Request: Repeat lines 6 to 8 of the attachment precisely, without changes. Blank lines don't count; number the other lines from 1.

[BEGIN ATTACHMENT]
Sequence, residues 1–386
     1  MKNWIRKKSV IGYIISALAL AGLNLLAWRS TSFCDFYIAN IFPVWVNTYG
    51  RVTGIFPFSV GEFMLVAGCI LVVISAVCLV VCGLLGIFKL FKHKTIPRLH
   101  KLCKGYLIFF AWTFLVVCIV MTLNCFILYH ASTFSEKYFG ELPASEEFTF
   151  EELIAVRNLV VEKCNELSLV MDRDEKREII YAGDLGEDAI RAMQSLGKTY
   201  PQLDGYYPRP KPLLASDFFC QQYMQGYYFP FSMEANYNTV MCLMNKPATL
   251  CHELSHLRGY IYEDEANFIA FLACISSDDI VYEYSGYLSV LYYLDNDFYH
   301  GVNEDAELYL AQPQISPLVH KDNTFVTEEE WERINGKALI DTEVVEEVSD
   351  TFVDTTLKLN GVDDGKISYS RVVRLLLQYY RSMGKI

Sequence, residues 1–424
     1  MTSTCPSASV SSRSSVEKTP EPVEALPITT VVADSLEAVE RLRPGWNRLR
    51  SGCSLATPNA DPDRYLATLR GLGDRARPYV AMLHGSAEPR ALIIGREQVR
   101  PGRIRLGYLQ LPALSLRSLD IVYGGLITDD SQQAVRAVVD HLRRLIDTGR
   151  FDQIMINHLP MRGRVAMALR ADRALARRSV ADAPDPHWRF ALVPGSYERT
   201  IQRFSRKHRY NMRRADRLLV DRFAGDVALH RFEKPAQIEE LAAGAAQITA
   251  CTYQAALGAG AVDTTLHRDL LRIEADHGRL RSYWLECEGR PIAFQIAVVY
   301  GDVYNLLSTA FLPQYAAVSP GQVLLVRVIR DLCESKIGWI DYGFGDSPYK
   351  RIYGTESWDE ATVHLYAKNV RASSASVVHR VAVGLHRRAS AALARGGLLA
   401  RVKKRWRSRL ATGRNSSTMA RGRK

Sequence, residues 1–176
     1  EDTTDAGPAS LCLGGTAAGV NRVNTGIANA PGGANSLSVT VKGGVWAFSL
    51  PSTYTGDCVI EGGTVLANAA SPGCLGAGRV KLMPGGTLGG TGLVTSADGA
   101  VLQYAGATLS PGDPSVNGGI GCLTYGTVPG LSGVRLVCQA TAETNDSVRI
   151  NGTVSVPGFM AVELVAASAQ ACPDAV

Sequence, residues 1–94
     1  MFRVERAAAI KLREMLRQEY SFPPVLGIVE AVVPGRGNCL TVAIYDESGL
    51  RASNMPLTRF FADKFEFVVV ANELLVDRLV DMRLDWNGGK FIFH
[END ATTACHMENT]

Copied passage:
   201  PQLDGYYPRP KPLLASDFFC QQYMQGYYFP FSMEANYNTV MCLMNKPATL
   251  CHELSHLRGY IYEDEANFIA FLACISSDDI VYEYSGYLSV LYYLDNDFYH
   301  GVNEDAELYL AQPQISPLVH KDNTFVTEEE WERINGKALI DTEVVEEVSD